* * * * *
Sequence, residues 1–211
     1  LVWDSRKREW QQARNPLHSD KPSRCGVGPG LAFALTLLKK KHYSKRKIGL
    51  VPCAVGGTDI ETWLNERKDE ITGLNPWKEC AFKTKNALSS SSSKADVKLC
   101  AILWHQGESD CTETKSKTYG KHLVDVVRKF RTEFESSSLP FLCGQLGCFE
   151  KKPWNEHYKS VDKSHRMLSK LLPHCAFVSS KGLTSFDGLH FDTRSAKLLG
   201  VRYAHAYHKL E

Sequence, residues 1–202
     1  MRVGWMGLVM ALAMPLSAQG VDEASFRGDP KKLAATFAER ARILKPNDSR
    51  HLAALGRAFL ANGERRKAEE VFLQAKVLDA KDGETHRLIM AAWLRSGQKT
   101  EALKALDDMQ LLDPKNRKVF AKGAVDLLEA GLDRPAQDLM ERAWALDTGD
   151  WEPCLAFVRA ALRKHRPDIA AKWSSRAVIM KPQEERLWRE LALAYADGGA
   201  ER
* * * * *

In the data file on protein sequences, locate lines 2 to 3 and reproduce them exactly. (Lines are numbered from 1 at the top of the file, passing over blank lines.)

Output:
     1  LVWDSRKREW QQARNPLHSD KPSRCGVGPG LAFALTLLKK KHYSKRKIGL
    51  VPCAVGGTDI ETWLNERKDE ITGLNPWKEC AFKTKNALSS SSSKADVKLC